Like many, I was puzzled by the transformation in Gillard’s public persona post-2010.
The warmth, humour and sparkle she’d often displayed in parliament and elsewhere vanished. What remained was wooden, distant, usually dull and often irritating.
Judith Brett recently made some comments, almost in passing, that might just explain why.
Her projected image as prime minister was of someone who was assured, confident and tough. It was as if she had decided that this was how to be the strong leader the system demanded.
Brett suggests this assumed persona “sat awkwardly with her renowned skills in negotiation and the personal warmth reported by all who worked with her. The resulting public image was confusing, making it hard for people to build a coherent sense of her as a person, to feel they knew who she was. So some decided she was a fraud, others turned off, and a minority gave her the benefit of the doubt”.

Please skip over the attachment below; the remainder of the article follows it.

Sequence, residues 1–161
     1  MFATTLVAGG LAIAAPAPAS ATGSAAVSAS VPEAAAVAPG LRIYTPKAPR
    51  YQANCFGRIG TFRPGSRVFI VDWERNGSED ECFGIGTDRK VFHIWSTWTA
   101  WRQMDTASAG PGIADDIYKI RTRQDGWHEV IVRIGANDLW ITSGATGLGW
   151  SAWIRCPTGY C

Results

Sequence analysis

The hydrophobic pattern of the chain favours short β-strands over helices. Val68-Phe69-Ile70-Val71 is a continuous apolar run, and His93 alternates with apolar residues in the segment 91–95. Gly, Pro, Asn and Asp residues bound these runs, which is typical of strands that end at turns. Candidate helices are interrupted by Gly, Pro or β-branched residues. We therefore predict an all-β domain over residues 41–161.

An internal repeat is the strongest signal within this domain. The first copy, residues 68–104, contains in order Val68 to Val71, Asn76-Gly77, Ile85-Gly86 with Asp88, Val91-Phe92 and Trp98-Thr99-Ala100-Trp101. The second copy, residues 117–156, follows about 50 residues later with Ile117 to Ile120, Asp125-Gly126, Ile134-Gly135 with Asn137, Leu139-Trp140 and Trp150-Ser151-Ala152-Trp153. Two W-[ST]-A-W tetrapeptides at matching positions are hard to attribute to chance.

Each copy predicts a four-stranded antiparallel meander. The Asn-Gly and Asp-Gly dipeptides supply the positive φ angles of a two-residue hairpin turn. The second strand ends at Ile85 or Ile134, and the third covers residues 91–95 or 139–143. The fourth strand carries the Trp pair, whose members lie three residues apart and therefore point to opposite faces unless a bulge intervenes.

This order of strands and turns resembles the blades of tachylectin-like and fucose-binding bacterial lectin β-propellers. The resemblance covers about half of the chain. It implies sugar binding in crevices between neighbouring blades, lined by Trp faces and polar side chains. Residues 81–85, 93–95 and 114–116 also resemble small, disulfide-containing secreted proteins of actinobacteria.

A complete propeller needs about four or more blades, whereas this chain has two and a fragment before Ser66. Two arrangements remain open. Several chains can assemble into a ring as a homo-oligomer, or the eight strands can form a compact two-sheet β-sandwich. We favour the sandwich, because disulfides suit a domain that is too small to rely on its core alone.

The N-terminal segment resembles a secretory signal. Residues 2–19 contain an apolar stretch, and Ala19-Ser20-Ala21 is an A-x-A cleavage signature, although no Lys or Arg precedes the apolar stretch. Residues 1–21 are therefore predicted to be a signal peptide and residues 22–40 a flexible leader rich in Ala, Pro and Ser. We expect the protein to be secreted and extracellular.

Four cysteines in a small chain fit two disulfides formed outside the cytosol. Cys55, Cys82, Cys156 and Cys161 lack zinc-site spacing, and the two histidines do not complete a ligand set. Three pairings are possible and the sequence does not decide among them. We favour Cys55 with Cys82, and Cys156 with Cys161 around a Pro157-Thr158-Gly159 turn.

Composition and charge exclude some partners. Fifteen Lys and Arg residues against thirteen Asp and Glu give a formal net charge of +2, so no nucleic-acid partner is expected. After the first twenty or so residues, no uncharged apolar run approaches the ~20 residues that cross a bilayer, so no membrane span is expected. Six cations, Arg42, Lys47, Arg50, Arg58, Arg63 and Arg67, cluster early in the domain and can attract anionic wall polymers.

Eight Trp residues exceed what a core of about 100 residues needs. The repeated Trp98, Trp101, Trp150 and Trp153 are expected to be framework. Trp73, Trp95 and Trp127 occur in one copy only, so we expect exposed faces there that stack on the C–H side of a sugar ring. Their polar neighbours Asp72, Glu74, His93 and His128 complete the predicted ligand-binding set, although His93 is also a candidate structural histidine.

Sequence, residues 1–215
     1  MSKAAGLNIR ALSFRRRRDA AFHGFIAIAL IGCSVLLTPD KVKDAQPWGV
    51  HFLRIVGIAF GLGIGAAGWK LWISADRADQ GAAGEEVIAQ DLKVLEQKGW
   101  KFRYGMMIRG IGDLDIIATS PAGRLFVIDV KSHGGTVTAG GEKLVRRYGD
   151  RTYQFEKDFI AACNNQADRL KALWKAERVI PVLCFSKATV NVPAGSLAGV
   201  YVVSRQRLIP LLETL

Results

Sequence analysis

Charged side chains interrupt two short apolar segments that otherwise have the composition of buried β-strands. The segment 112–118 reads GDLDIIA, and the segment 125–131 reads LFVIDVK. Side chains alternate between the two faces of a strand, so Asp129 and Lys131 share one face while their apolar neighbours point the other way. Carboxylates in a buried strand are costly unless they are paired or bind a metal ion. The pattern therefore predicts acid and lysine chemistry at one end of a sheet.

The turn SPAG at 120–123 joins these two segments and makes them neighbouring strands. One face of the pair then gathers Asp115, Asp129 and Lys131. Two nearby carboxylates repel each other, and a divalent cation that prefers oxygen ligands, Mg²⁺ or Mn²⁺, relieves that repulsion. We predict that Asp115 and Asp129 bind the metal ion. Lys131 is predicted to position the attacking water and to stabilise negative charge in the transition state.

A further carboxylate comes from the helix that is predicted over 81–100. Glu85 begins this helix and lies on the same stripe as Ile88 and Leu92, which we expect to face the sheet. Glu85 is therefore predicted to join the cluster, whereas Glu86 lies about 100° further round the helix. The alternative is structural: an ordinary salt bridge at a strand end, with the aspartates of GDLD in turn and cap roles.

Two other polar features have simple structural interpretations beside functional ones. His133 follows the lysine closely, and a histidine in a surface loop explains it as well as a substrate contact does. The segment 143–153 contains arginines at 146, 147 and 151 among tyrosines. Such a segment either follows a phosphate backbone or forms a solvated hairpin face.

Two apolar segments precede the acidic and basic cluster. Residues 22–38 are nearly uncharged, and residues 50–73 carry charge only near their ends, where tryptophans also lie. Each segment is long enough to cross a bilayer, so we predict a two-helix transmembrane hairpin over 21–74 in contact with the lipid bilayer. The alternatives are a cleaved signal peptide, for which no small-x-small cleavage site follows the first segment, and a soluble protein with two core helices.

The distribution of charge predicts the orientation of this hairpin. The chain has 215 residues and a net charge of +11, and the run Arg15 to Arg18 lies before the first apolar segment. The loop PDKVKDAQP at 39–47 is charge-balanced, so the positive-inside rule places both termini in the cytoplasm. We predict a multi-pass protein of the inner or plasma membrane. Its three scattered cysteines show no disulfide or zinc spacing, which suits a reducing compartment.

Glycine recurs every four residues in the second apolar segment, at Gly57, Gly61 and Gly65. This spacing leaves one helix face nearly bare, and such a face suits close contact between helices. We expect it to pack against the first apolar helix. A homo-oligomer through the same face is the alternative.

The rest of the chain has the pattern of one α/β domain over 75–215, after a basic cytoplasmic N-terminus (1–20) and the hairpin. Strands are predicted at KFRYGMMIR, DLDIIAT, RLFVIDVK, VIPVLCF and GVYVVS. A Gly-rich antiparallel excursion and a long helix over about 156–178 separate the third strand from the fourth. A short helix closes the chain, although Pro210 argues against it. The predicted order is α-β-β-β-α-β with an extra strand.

Perhaps it wasn’t even conscious. At some level, she may have felt the need to submerge all playfulness, rein in her spontaneity and maintain a rigid control. If so, it was a grievous error, both politically and personally.
For a reminder of the pre-Julia (and of what parliament could be like in more civil days), consider this video from November 2009.